Feature - Rayden Horton

Published: 28 January 2016

News type: Local news   

Source: Te Tangi a te Manu - Tuia Publication

The following article is a piece written by Rayden Horton who was the 2015 Tuia delegate for the Ruapehu District and was mentored by the local Mayor, Don Cameron. This piece is a reflection on Rayden's experience with the Tuia kaupapa and what is has meant for him. This section comes out of the Tuia Publication, 'Te Tangi a te Manu', which was published in November 2015 and is filled with reflection and thought pieces from all of those that have taken part in Tuia.

If you would like to purchase a copy of this book, please contact Daniel Henderson from the MTFJ by clicking here.

 

Rayden

"My involvement in Tuia started when i was working for Sue Morris when she was the mayor, before our current mayor, Don Cameron. She was presented with the opportunity to send a rangatahi to the wānaga a couple of years ago, but at that time I wasn't old enough, so she wanted to wait until i was old enough to come through. Unfortunately she didn't contest the next election, and the new mayor came through, but either way, they sent me.

I've always had a passion to become the Minister of Social Development because I've felt that, with my past experiences with social development in the past, and a lot of what my whānau has done and what they're doing now, there's a huge need for policy changes. A lot of things need to be simplified these days for others. So i got into that line of work through Dame Tariana Turia. When she took me down to parliament, she showed me the ins and outs of what parliament was and how ministries work. From there I made the decision that this is what i want to do, I want to help our people through the Ministry of Social Development so we can get our people employed, get our kids educated, and make sure that our country is prosperous.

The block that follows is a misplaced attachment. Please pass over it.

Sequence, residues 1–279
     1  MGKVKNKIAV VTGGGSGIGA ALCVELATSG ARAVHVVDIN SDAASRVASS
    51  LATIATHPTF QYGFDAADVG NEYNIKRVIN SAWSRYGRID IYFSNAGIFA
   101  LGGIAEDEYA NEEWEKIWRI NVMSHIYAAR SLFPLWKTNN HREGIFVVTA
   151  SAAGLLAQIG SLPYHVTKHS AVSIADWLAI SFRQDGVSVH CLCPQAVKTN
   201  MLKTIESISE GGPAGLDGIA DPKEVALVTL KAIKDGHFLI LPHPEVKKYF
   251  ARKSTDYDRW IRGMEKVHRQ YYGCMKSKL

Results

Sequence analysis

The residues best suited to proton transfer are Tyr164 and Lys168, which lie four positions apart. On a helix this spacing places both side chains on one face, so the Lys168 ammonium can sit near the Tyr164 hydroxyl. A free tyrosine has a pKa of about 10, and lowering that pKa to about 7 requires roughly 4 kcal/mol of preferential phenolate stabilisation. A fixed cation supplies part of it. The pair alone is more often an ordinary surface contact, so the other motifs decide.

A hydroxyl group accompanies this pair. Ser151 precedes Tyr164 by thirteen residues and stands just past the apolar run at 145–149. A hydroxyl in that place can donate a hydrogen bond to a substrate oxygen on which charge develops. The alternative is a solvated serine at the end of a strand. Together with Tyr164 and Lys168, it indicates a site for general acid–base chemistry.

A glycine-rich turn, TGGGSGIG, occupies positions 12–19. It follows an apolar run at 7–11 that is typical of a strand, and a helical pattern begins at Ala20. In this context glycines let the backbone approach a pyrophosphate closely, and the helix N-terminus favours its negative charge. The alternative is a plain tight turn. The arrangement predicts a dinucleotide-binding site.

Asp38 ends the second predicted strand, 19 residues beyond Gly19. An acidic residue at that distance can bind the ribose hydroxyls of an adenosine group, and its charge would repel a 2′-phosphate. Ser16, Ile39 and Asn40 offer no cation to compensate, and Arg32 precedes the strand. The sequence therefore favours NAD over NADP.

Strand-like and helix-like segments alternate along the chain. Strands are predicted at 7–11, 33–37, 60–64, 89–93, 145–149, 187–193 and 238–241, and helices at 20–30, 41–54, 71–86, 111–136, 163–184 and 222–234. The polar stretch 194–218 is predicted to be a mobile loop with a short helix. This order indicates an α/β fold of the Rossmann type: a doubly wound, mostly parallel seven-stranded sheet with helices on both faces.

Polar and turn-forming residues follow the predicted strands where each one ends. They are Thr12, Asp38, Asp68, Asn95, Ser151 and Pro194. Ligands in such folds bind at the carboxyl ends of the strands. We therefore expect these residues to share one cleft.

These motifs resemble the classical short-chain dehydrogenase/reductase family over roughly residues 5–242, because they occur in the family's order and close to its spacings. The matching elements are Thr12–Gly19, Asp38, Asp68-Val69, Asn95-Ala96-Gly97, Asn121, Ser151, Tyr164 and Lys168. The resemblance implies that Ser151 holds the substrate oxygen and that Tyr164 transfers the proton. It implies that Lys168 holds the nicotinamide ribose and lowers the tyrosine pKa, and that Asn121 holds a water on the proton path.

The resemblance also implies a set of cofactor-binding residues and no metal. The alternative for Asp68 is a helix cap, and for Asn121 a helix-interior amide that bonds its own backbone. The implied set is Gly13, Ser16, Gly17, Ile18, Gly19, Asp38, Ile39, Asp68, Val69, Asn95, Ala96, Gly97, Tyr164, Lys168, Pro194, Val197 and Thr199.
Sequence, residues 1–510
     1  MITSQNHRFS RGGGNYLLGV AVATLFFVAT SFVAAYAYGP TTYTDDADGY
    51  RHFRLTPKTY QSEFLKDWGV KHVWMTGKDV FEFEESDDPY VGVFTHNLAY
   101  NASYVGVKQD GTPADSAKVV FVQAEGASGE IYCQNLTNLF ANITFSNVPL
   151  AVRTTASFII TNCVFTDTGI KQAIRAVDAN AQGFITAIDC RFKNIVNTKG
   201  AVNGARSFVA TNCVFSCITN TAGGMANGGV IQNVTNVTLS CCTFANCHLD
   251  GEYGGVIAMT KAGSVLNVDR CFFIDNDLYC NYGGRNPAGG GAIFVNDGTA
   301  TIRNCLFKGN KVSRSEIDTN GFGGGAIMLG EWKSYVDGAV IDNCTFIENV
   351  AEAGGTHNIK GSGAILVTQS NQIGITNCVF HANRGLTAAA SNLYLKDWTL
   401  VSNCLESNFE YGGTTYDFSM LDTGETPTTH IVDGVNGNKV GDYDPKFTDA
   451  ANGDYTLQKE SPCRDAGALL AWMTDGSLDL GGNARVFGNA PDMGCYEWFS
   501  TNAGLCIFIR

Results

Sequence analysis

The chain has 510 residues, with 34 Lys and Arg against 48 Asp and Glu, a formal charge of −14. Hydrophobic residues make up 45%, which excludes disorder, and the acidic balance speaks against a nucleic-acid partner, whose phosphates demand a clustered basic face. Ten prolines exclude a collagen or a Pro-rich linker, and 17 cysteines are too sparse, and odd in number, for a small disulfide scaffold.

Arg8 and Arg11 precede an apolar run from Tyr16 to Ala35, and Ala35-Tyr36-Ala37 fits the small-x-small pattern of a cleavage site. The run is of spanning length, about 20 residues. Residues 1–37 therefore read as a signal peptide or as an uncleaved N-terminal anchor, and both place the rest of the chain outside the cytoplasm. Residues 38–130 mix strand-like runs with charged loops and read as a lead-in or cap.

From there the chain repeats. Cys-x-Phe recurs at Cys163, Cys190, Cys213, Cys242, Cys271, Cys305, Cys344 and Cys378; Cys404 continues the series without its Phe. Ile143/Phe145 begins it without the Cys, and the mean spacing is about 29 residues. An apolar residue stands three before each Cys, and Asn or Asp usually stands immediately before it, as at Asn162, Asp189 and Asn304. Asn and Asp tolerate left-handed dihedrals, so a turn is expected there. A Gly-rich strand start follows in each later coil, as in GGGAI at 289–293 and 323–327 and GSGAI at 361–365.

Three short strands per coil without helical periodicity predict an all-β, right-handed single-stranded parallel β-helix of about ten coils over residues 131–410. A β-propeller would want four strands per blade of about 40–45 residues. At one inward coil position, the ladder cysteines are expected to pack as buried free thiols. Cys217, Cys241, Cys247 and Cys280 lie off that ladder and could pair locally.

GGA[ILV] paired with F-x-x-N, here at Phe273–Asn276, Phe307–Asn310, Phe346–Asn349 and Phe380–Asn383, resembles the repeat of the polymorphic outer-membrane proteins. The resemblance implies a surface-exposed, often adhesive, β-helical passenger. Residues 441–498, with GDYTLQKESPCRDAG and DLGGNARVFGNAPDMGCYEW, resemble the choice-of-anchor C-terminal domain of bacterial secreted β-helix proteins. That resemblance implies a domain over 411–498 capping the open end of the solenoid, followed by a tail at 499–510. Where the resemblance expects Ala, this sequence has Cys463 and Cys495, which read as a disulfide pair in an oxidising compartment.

I've found it very inspiring, connecting back to the whenua, engaging more in te reo, and in my Māori side more. It was something when i was growing up, I didn't have a lot of, and so I've had to reconnect myself, but through the Tuia wānanaga it's been a lot easier, engaging with young Maori from around the country. Something that's been quite valuable is Marcus's kōrero about inspiring rangatahi to move forward, lifting the glass lid, those restrictions. It's just something for me - I've tried my best throughout my life to remove those restrictions, and being able to hear that in a different context, and being able to visualise that. I understand now what I've done in the past is lifting those lids, expanding, and is something that I want to continue to do, as well as help others to do the same.

How this Tuia kaupapa has affected my pathway, i think looking more into tikanga, and making sure tikanga is applied in our work places and also my career, in what i do, and making sure our Māori people are looked after. And i think with a better understanding through Tuia of Māori kaupapa, and the kaupapa of Tuia, i felt that I've been able to express that, and to be able to take that on and absorb it all. And to be able to extract it out at home, in my whare and at work.

It's just good to be with our Māori rangatahi from all over the country who have the same vision of helping our community, helping our country and helping our people. This is something that's quite big for me because I'm always trying to look for other young Māori around the country who are inspired to make changes. Tuia wasn't exactly what i had expected when i came to the first wānanga . Because i was working with the council at the time, i understood how councils worked and how governments worked, and going through our mayor, i thought it'd be a whole bunch of other people aspiring to be mayors, and district councillors, politicians, and law-makers. But i found it was very different, very diverse, huge range of different people and different aspirations, but all coming back to that similar kaupapa of helping our people."

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